When you’re unexpectedly let go from your job, many things will go through your mind. How will you pay your rent next month? Will you be able to afford all your bills? A sudden halt in income can be detrimental to anyone, but it’s even worse if you have children that are dependent on you for food and shelter.
A way many companies support their employees even after letting them go is by giving them a severance package at the time of their termination. Severance packages range from two weeks’ pay to compensation for unused PTO days. Some companies examine how long the employee has been with the company and pay them severance accordingly. Sometimes, an employer will offer a severance package in exchange for the employee agreeing not to sue for things like discrimination, unpaid wages, or wrongful termination.
However, severance pay is not a given, as it’s usually left up to the company’s discretion since there is no requirement in the Fair Labor Standards Act regarding severance pay. The fact that there are no concrete severance pay laws in place at the federal level can make it hard to know if you should contact a lawyer.
Situations Where Severance Pay is Required
Most states do not require employers to pay severance, but you can look at your state’s individual severance pay policies here. Even though your state may not have a law in place regarding severance pay, it’s possible that your employer gave you evidence to believe you would be offered a severance package upon termination when you were first hired. In this case, it’s possible you could sue for severance pay if it was never given.
Other situations where an employer would be legally obligated to pay severance are listed below:
- A written contract stating that terminated employees would be paid severance was presented to the employee at some point during their employment
- The employee handbook or personnel policies state that employees would receive severance pay
- The company has a history of paying severance to other employees in the same job position
- The company or supervisor made a verbal statement to the employee that they would receive severance pay
Severance pay is often given out by companies as padding against a wrongful termination lawsuit or any other lawsuit. A severance check serves as a token of goodwill from the company since it can sweeten a sour situation. Their reasoning is that an employee will be less motivated to reach out to a Newport Beach workplace lawyer if they already received some sort of sum.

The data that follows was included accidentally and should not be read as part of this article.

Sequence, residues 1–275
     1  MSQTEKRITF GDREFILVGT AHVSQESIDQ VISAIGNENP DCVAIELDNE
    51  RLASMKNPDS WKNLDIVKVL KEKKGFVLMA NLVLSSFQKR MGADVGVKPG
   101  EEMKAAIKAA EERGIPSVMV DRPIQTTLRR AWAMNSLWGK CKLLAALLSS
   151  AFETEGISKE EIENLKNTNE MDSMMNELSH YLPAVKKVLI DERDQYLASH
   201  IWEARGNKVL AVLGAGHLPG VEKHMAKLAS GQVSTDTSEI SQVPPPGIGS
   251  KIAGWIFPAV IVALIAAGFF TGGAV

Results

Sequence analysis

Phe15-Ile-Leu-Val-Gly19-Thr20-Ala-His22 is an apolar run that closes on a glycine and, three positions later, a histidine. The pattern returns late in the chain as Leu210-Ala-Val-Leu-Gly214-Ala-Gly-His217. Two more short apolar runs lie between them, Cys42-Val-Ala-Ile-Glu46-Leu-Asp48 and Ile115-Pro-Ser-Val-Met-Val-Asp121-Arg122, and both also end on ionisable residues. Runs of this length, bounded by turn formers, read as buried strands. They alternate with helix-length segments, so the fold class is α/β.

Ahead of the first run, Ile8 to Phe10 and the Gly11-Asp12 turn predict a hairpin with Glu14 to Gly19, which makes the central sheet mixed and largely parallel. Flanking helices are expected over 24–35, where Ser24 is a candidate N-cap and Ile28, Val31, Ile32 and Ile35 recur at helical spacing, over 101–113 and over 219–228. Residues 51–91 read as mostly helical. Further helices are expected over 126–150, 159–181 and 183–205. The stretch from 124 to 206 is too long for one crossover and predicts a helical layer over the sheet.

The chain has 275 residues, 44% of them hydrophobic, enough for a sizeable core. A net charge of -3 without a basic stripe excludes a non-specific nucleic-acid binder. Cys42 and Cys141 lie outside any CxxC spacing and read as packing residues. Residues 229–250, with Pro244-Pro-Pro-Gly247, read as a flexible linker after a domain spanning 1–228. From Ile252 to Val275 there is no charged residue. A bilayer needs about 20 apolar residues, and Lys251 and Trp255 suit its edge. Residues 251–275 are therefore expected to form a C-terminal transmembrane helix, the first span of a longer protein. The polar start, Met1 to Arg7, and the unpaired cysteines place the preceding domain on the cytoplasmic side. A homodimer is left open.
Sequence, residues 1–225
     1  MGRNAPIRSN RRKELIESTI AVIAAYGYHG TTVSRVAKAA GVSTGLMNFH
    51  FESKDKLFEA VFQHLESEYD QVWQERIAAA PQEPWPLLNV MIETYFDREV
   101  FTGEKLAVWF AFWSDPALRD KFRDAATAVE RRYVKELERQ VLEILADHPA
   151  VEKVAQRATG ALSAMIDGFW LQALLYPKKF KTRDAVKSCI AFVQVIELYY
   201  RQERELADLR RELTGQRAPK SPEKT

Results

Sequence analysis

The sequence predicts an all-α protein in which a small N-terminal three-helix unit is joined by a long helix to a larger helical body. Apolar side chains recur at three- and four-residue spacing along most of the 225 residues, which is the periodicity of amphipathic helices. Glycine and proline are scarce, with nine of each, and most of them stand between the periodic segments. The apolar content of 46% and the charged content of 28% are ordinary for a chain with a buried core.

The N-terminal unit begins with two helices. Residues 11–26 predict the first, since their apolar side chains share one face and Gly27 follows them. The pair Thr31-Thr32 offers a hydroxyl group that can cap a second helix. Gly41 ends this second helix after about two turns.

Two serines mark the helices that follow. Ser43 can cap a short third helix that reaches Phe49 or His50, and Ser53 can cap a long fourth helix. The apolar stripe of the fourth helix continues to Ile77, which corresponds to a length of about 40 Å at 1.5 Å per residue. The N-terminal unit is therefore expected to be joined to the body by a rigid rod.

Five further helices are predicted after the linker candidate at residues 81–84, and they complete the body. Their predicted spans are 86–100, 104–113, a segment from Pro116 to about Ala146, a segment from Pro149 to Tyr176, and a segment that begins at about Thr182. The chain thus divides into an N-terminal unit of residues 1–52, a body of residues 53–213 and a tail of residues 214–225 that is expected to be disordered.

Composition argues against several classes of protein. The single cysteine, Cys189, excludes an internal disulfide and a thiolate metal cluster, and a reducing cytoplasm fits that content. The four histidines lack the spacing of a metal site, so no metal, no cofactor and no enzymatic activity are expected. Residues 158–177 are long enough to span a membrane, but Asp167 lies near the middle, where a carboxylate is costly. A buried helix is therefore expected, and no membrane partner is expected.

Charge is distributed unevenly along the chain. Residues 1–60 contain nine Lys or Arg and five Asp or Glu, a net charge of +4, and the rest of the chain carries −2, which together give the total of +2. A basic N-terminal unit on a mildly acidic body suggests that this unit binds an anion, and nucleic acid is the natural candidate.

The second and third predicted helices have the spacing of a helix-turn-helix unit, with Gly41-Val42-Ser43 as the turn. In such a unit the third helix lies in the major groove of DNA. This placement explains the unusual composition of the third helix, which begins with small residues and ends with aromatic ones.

What a Severance Package Typically Includes
Severance packages vary depending on the size of the company, how long the employee worked for the company, and the scope of the job position held by the employee. The average components of a severance package are listed below:
- Money – This topic is top of mind to recently laid-off employees. The average severance package will often include a week or two’s worth of pay for each year that an employee was with the company. The company can also pay them for unused PTO.
- Insurance and benefits – Some employees will agree to provide a terminated employee’s heath, life, and disability insurance for a specified period of time following termination. Continued benefits usually last for about a month after termination or until the end of the same month that the employee was terminated.
- Uncontested unemployment benefits – Terminated employees often file for unemployment benefits. Most of the time when an employee files for unemployment benefits, their previous employer has the opportunity to contest the employee’s claim. If your employer explicitly states that they will not contest the claim, then the employee is more likely to get those weekly unemployment benefits.
- Letters of Recommendation – Unless an employee was fired for serious misconduct, the company will often offer to write a letter of recommendation for their next job. However, it’s up to the employee’s discretion to decide whether or not they want a company that fired them to act as a reference or provide a letter of recommendation for their next job.
The most important thing to remember when you are laid off is that severance pay is negotiable, meaning that you can contact an attorney to aid you in getting as much compensation as possible.